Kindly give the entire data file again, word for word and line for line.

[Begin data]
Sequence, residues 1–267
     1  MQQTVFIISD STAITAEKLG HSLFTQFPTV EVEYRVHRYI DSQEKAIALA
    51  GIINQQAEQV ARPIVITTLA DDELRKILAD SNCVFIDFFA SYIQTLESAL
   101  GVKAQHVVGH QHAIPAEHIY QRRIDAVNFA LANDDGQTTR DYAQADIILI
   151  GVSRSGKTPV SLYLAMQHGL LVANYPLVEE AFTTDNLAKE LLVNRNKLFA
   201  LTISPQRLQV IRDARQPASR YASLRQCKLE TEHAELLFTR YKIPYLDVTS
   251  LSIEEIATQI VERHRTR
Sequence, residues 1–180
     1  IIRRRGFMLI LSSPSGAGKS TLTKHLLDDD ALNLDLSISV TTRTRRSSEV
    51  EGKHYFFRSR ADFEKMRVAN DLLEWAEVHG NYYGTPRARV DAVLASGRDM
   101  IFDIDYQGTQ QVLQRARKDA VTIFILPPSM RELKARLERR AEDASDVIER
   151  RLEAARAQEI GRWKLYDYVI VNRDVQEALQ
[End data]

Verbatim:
Sequence, residues 1–267
     1  MQQTVFIISD STAITAEKLG HSLFTQFPTV EVEYRVHRYI DSQEKAIALA
    51  GIINQQAEQV ARPIVITTLA DDELRKILAD SNCVFIDFFA SYIQTLESAL
   101  GVKAQHVVGH QHAIPAEHIY QRRIDAVNFA LANDDGQTTR DYAQADIILI
   151  GVSRSGKTPV SLYLAMQHGL LVANYPLVEE AFTTDNLAKE LLVNRNKLFA
   201  LTISPQRLQV IRDARQPASR YASLRQCKLE TEHAELLFTR YKIPYLDVTS
   251  LSIEEIATQI VERHRTR
Sequence, residues 1–180
     1  IIRRRGFMLI LSSPSGAGKS TLTKHLLDDD ALNLDLSISV TTRTRRSSEV
    51  EGKHYFFRSR ADFEKMRVAN DLLEWAEVHG NYYGTPRARV DAVLASGRDM
   101  IFDIDYQGTQ QVLQRARKDA VTIFILPPSM RELKARLERR AEDASDVIER
   151  RLEAARAQEI GRWKLYDYVI VNRDVQEALQ